A new exhibition is opening which details Falkirk's 200-year involvement with the munitions industry.
The exhibition will run for one year at Callendar House
The town's Callendar House will host Exploded: Carron, Shrapnel & Nobel in Falkirk, a year-long exhibition beginning this weekend.
The Carronade short smoothbore, cast iron cannon was created in the town in 1778 and was used during the Battle of Trafalgar and the American Civil War.
The industry was also key to providing jobs for locals during both world wars.
World famous names such as Henry Shrapnel and Alfred Nobel came to the Falkirk area to develop munitions which were produced by generations of local workers.
To mark the start of the exhibit on Saturday, the Earle of Loudon's Regiment Jacobite re-enactment group will fire a cannon in front of Callendar House.
The exhibition will feature a range of artefacts from Falkirk Council's collections relating to the local manufacture of explosives, munitions and artillery from the 18th century up to the present day.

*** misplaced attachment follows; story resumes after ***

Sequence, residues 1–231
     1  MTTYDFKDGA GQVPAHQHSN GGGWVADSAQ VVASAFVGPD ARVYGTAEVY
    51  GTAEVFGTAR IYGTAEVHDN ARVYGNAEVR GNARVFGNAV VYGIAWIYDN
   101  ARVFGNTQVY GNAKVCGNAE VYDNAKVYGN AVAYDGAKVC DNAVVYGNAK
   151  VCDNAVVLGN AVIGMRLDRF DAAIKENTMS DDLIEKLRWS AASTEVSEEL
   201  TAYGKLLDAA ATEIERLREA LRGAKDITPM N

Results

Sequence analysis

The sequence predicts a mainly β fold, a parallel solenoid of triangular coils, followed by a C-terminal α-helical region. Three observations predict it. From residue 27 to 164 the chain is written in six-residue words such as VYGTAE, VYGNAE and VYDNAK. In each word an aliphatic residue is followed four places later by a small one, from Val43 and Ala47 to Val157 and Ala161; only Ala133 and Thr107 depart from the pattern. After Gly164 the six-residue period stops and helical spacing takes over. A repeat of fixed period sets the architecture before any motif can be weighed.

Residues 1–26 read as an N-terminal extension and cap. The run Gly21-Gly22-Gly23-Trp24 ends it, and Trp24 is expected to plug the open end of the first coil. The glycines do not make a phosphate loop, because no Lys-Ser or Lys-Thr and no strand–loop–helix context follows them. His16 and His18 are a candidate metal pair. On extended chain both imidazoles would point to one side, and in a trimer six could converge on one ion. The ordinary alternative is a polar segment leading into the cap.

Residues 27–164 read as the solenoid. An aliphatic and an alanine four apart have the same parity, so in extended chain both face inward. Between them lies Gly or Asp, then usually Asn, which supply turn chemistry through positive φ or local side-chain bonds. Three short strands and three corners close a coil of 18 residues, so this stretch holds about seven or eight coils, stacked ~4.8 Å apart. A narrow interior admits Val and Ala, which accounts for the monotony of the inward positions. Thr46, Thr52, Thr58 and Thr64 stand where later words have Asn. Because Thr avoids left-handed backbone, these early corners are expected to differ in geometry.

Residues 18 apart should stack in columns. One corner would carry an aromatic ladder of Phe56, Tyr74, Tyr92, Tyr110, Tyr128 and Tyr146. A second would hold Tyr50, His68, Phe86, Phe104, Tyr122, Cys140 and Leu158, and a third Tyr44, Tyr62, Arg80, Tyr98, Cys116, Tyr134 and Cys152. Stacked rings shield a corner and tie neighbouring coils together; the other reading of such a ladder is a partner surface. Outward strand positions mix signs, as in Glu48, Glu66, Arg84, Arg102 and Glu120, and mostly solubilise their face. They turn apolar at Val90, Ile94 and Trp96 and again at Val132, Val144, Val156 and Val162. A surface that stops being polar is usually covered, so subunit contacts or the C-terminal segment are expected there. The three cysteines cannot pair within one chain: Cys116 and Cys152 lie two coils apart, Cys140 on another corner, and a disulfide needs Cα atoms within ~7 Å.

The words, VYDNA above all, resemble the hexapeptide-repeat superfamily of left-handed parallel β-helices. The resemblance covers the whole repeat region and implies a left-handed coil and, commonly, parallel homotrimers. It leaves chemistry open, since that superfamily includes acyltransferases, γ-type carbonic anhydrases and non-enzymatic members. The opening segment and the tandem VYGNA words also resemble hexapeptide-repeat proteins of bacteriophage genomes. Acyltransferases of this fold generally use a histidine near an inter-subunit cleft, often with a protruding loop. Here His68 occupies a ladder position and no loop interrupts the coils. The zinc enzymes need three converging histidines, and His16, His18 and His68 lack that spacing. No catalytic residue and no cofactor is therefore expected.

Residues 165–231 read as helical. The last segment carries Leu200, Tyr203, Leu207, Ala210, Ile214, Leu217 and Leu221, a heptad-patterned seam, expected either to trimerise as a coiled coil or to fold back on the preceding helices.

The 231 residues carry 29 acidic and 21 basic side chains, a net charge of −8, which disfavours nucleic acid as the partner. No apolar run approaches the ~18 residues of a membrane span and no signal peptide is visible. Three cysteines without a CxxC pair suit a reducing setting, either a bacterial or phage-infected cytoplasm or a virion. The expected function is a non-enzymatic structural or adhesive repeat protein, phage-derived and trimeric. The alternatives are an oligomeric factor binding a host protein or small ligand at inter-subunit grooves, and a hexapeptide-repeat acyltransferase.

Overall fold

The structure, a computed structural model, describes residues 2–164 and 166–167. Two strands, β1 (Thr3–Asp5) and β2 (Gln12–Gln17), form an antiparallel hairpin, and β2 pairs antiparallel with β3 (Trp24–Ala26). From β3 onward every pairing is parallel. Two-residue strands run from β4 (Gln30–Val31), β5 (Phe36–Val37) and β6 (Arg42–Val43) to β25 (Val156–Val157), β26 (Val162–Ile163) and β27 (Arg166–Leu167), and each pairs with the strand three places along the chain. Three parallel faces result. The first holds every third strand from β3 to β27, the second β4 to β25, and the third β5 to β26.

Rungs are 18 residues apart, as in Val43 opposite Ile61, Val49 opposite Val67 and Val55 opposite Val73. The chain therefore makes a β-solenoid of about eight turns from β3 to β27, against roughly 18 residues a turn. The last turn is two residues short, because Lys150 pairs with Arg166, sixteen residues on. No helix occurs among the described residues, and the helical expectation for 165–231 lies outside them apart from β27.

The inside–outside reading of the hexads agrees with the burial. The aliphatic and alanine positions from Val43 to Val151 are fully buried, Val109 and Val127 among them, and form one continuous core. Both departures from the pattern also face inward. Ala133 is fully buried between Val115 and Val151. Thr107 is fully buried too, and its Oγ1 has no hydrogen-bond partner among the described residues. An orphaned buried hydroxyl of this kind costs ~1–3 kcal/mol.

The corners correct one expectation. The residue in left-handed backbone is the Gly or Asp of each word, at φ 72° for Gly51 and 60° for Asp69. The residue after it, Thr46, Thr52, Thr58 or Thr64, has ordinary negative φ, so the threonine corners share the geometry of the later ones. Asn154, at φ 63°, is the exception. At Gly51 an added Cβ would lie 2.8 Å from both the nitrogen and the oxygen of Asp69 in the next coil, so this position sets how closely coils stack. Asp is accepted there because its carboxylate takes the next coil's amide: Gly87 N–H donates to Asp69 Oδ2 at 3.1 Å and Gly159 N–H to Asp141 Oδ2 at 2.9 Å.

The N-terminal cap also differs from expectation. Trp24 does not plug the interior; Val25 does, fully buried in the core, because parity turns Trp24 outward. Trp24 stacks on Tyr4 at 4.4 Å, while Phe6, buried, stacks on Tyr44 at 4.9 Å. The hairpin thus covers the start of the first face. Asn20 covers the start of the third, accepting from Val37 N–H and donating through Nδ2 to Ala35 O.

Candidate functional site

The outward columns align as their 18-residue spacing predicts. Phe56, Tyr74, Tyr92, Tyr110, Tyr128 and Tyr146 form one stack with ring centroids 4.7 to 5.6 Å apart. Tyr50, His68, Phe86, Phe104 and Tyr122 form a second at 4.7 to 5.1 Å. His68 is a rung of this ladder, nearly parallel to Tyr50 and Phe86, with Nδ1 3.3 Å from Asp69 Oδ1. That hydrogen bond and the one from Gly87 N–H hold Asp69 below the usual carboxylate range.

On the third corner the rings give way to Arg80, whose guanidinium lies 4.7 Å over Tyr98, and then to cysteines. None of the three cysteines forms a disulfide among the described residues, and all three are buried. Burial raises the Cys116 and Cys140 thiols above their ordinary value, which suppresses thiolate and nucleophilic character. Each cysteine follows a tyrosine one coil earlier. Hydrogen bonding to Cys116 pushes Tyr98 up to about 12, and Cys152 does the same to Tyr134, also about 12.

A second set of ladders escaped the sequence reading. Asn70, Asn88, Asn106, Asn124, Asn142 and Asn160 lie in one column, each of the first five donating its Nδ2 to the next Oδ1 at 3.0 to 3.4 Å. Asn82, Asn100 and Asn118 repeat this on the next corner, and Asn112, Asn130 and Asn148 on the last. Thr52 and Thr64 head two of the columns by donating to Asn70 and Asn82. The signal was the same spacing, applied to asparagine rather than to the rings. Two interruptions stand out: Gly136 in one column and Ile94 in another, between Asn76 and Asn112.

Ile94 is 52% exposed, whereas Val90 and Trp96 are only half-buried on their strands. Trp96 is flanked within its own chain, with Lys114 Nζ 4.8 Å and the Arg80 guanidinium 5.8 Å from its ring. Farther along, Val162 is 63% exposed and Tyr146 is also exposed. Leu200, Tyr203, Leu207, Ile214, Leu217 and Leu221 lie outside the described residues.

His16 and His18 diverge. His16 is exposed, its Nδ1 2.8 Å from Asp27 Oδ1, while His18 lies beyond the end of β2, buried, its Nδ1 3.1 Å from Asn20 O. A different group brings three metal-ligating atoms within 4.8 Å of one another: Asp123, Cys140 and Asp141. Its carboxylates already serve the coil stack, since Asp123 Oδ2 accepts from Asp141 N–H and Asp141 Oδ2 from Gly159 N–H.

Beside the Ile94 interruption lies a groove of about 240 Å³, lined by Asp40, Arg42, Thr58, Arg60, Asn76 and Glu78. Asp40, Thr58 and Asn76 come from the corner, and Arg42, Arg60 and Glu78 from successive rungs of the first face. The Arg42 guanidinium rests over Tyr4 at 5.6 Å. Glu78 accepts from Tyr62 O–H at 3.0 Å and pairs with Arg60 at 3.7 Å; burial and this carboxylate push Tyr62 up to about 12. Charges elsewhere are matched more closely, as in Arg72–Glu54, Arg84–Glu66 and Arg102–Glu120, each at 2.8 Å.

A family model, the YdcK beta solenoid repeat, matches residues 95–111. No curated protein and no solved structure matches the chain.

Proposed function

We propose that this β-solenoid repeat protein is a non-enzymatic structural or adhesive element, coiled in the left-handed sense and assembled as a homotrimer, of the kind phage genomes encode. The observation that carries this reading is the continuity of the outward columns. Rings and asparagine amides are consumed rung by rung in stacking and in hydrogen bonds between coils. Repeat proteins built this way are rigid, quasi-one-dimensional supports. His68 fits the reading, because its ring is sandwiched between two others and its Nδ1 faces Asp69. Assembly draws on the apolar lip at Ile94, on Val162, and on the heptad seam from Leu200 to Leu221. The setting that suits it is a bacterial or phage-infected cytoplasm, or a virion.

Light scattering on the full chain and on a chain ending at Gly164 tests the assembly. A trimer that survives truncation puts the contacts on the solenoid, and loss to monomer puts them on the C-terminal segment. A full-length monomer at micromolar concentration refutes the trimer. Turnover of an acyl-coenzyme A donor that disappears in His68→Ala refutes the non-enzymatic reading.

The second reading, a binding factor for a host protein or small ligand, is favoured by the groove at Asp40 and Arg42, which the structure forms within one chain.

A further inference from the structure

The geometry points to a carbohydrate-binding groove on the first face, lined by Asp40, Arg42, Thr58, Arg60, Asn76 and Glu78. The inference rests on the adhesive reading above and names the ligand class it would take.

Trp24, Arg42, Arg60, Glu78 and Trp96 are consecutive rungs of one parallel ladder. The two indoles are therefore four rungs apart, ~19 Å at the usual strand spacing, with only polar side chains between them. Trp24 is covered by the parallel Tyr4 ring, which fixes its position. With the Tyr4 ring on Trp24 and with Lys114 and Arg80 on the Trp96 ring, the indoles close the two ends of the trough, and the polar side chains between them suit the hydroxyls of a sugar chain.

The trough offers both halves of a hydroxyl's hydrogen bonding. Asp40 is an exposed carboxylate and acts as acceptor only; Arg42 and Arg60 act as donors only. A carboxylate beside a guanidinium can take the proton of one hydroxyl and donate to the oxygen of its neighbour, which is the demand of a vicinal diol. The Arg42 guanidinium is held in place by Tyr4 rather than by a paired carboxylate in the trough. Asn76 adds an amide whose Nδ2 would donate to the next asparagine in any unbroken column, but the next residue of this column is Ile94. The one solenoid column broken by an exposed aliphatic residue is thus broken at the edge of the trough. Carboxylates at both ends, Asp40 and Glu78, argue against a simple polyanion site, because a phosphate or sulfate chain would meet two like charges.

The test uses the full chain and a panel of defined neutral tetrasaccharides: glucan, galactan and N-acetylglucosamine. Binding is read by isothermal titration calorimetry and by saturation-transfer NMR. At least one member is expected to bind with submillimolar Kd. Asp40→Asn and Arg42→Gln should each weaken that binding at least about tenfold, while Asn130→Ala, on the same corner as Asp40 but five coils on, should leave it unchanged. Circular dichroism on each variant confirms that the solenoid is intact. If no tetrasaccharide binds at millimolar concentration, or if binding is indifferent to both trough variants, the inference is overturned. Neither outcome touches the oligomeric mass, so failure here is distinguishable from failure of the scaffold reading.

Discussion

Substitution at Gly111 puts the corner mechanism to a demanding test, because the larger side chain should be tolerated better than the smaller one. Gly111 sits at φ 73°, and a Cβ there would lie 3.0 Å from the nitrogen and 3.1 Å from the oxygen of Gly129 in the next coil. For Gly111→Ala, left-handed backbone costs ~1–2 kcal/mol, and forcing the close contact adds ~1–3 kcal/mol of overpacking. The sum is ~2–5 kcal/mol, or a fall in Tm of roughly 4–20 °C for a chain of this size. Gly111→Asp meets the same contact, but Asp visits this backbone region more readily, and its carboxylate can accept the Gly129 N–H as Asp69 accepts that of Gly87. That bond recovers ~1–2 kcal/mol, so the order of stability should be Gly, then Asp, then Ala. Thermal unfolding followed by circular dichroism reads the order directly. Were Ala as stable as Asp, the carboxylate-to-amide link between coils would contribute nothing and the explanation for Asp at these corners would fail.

During the year-long event, Dr Tony Pollard of the BBC's Two Men in a Trench programme will visit the exhibition to give a talk on the impact Falkirk had on the industry.
Visitors will also be invited to try their hand at being a 'munitionette', a term used to describe the women who put together explosive shells on the assembly line.
Falkirk councillor Adrian Mahoney said: "This is an excellent opportunity to learn more about the major role played by Falkirk in an industry which not only changed local lives and landscapes, but impacted across the world."
The free exhibition will be open Monday to Saturday from 1000 to 1700 GMT.